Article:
Translating vs. Interpreting

In New Zealand, educators write guiding documents in both Maori and English. The Maori version is not a simple linguistic translation but instead a cultural interpretation of the document.  The guiding principles are written in two languages and interpreted differently because there are words and language in context that simply don’t translate.

While looking through child portfolios, Judi noticed that the children at these centers came from diverse backgrounds. She was impressed with the ways that family traditions and language were incorporated into the learning stories and center activities.

At each center Judi visited, she saw the underlying vision clearly and yet “each center implemented this vision uniquely.” She appreciates the guidance these programs receive while still having permission to create spaces at centers that reflect the input from their children and families.

“You can tell that the children had an influence on the programs. That’s unique. It was clear that children and families help shape the environments.”

Theory Is Practice

“Everywhere we went, children wanted to show us their portfolios.”

Judi was excited to see NZ theories in practice. “So many times you go to a conference and you think ‘that’s great,’ but I can’t imagine that idea in practice. It was great to hear the NZ approach and then see it.”

“Everywhere we went, children wanted to show us their portfolios. They were so excited to share their stories with us.”

Indoor Outdoor Play Spaces
Indoor-outdoor play spaces in New Zealand’s ECE classrooms

In each center, outdoor spaces seemed like a natural extension of the classrooms, rather than a separate play space. “I think the inclusion of so many natural materials in the indoor spaces also contributed to that seamless feeling.”

And although each center Judi visited had a slightly different environment, the overarching theme was welcoming nature into the classroom. “It was a bit like what I saw in Reggio Emilia, Italy. Indoor-outdoor spaces are key.”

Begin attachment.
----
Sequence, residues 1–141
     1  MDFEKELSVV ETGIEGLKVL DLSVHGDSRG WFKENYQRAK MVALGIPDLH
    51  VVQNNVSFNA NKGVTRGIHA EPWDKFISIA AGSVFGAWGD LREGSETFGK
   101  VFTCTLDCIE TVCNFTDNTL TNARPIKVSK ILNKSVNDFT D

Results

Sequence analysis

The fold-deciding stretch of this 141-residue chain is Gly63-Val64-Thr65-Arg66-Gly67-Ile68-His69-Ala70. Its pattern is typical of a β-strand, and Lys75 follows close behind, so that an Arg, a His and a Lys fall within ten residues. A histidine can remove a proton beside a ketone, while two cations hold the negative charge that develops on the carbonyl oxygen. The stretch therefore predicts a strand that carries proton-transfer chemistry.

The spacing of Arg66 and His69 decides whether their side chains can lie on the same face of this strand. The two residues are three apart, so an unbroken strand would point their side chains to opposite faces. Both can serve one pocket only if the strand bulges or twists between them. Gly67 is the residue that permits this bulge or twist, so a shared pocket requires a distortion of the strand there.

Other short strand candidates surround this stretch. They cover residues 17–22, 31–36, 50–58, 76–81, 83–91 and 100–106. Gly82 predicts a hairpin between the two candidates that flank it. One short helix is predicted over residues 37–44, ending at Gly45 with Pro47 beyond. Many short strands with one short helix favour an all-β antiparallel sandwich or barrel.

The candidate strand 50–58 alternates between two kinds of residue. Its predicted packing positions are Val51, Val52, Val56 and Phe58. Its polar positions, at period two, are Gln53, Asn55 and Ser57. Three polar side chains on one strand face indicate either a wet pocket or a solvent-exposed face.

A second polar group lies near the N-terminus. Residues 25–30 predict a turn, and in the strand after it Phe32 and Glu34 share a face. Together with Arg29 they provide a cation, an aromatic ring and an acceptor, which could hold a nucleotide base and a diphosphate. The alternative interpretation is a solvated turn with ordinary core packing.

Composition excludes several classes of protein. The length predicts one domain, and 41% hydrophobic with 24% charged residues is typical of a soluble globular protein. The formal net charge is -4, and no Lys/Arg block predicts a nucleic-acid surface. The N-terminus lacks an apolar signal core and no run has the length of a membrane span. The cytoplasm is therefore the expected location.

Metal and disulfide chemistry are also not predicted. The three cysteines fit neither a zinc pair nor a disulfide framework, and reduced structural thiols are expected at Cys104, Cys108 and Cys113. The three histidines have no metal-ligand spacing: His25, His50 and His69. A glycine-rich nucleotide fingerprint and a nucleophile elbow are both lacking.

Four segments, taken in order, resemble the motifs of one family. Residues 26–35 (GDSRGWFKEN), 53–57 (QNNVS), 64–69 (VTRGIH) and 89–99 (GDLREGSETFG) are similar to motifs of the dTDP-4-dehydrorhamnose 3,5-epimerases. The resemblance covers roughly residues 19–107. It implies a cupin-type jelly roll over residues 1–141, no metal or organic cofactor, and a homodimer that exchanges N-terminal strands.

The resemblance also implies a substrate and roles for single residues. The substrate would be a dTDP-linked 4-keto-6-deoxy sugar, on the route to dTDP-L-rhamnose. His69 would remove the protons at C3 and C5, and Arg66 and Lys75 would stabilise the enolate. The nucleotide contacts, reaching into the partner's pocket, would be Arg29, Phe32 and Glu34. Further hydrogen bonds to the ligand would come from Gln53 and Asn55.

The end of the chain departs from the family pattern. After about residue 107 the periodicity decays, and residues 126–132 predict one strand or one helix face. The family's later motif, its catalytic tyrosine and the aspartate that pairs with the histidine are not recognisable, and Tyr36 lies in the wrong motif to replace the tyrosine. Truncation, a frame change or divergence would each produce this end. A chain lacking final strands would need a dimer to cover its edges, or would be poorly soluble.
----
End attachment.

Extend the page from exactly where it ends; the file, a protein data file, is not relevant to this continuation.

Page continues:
Intentionality

At the conference, Judi found the following quote by Lorraine Sands to be particularly inspirational: “Find the thing you love because the thing you love will take you to places you haven’t explored yet.”

“I love early childhood, especially the practice of observing and documenting children’s learning. That led me to Educa and then to New Zealand – a place I hadn’t explored yet! I’m hoping to continue pursuing, with greater intentionality, what it is that I love about ECE and continue exploring.”

 

Judi concluded our talk with the following sincere statement about her experience on the NZ study tour:

I am extremely grateful to Educa and Kelly Goodsir for this amazing learning opportunity. And to the learning stories experts, early childhood colleagues from NZ and Australia who attended the conference and the tour, and the staff and children who so graciously welcomed us into their programs. I felt welcomed from the moment I landed and appreciated the warmth & hospitality I received from everyone I encountered. I hope to have the privilege of returning someday in the future. 

Learn more about past NZ study tour winners and about New Zealand ECE here.

One Comment

  1. Holly

    It is great to know NZ ECE educators approach clearly reflects respect and trust in the young learners. This is best understood only when someone form outside can see it.